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The Recession That Won’t Quit.

  • Written by Syndicated Publisher No Comments Comments
    July 31, 2011

    Boy does the economy stink!  The GDP report from the BEA was about as bad as it could get. I think the economy is rapidly approaching stall speed. The insanity in D.C. has already put an additional damper on the prospects for the future.

    Many places that I read jumped on the BEA data and concluded that QE3 is imminent. I think that is all wrong. From the BEA report:

     

    The price index for gross domestic purchases increased 3.2 percent in the second quarter, following an increase of 4.0 percent in the first. Excluding food and energy, the price index for gross domestic purchases increased 2.6 percent in the second quarter, following an increase of 2.4 percent in the first.


    In the past six months core inflation has been rising at an annual rate GREATER than 2%. What does Ben Bernanke say about core inflation? When does the Fed get nervous about this measure of price change?

    Bernanke has said a half dozen times that he felt that core inflation“around 2%” would be the upper bounds the Fed would tolerate. Anything beyond the 2% level and easy monetary policy would no longer be justified.

    In his June 22 press conference he underscored that with this:

     

    We do have to pay adequate attention to our dual mandate.

    And this:

     

    It’s not clear we can get substantial improvement without inflation risk.


    Yes, it’s correct that Bernanke’s definition of inflation covers a longer period of time than six months, and yes, the last six months is not what he is focusing on. But it is also correct that neither he not his cohorts can ignore what is happening on the inflation front.We are already running a rate of core inflation that is hotter than Bernanke has promised to deliver.


    My conclusion is that monetary policy is on hold. The economy would have to be evidencing negative growth for the Fed to act. That is unlikely to happen before 2012. If you’re waiting for a QE3 miracle, you’ll be disappointed.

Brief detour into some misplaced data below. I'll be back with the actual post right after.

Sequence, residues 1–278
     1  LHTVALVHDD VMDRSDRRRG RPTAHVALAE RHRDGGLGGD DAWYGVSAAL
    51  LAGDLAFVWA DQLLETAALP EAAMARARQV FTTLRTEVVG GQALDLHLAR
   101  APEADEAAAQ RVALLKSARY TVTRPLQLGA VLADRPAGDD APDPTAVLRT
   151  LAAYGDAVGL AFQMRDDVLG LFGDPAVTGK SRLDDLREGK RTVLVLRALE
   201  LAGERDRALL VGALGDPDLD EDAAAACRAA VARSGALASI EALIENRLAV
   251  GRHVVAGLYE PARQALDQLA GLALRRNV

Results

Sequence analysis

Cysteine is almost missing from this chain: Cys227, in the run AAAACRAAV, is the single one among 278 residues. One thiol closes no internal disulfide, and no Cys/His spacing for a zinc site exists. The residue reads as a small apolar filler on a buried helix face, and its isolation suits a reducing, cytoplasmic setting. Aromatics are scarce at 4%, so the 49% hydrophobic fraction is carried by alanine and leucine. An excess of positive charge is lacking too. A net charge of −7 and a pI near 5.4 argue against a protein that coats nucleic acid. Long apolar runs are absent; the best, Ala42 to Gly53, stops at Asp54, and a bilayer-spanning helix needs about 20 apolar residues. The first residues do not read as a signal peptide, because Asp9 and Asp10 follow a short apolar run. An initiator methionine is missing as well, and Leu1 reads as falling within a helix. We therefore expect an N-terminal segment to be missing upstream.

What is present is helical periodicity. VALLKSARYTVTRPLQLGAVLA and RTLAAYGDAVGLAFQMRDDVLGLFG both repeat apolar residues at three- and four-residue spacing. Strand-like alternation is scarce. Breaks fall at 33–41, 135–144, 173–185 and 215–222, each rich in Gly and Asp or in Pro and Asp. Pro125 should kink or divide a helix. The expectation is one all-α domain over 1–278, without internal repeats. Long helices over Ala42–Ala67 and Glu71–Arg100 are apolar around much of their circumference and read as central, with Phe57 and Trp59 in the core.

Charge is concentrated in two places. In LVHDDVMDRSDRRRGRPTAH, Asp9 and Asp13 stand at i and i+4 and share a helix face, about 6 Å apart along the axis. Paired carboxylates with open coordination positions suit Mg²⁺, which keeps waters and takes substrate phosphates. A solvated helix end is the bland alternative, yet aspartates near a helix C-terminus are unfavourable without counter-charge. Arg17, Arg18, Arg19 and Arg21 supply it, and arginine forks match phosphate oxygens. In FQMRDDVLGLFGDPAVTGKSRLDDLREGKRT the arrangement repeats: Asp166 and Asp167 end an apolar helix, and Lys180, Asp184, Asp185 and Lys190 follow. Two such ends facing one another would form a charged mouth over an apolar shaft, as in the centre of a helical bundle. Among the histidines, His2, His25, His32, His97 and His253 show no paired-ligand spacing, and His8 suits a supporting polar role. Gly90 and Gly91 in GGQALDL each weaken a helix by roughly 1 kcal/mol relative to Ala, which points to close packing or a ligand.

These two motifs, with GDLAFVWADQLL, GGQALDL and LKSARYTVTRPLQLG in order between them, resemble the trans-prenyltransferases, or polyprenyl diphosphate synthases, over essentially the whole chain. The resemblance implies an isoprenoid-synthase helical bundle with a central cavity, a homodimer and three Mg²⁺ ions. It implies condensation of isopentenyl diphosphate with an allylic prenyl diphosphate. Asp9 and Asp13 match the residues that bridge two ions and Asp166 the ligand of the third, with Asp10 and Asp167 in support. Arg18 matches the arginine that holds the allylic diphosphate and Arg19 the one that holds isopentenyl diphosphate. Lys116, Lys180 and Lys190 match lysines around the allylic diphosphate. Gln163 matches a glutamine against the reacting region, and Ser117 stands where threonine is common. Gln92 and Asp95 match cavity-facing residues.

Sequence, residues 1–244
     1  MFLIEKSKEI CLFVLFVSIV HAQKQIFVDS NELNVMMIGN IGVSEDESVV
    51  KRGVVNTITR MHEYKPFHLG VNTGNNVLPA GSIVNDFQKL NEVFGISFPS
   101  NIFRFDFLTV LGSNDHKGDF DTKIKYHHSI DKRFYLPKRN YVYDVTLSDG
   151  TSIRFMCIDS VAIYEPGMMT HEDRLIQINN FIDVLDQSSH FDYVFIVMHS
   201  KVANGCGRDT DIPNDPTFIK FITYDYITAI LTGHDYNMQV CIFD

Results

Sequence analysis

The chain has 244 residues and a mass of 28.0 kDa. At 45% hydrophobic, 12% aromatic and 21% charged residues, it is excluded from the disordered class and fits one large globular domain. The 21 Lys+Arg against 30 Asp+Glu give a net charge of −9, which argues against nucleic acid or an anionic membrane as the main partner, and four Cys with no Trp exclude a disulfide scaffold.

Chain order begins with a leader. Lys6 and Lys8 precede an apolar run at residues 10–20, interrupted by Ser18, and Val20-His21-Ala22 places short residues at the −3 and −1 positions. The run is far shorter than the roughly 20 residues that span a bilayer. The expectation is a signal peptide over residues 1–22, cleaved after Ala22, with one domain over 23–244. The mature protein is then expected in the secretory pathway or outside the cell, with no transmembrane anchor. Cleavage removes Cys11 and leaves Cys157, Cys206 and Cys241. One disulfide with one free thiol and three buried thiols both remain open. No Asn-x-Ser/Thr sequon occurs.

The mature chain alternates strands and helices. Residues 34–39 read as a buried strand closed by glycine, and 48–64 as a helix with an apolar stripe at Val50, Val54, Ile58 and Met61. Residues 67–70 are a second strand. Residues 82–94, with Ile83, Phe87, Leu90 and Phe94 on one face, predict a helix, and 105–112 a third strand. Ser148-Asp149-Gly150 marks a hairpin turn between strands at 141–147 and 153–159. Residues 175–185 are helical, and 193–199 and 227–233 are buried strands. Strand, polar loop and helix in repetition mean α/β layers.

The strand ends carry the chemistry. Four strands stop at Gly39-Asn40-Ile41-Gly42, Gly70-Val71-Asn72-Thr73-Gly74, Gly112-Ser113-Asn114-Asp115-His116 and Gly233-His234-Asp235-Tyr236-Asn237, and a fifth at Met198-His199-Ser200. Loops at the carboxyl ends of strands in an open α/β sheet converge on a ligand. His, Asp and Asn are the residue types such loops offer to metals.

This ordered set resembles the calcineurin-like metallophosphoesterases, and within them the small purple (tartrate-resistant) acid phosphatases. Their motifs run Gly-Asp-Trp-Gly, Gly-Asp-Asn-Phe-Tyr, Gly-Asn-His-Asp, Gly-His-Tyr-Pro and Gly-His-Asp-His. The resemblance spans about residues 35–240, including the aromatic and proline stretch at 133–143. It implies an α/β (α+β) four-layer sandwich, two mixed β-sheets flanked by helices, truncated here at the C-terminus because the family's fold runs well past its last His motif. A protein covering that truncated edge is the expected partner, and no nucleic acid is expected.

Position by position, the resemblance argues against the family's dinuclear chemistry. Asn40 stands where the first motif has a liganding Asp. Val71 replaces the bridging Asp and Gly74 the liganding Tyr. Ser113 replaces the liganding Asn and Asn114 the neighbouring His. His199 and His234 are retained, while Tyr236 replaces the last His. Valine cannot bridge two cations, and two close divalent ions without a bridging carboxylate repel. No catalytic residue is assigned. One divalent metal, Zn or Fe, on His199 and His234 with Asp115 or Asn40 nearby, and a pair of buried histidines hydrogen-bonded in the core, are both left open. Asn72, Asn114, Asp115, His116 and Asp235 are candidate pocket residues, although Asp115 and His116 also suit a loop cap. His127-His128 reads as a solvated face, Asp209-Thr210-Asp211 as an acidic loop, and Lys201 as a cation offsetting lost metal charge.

Change direction back to how very bad the economy is. It’s worse than we thought it was. (At least it’s worse than those who believe in the MSM spin)

    Economists try to define things. (It makes them feel better) One big definition these economists use is Recession. A recession has three parts to it. The first leg is a decline in GDP from a peak to a trough. (This is the actual “Recession” part of the cycle) The second leg is called Recovery. This is the time it takes for the economy to recover output so that it equals the prior GDP peak. The third leg is called Expansion. This would mark a recovery from the recession. A typical recession would look like:

     

     

    With that definition in mind consider the (significantly) revised GDP results for the past few years. The revisions by the BEA yesterday make for some interesting conclusions. Consider the quarterly GDP numbers since 2007.

     

     

    Note that the peak in the most recent economic cycle occurred in the first quarter of 2008 when GDP was growing at an annual rate of 13.310 Trillion. As of the end of June there has been a recovery (13.270T), but we are still below the peak. ($61B shy).

    So if you’re out there feeling and seeing that the economy is a piece of crap; that it has been a piece of crap for nearly four years now. You’re right. The media has been telling you that the recession cycle has ended and we are back to growth, well,they’re lying.

    Shared From (Under Licence) & Read More

    Bruce Krasting: On More QE and the Recession that won’t end.

    Images ( news & thumbnail): Flick (licence details)
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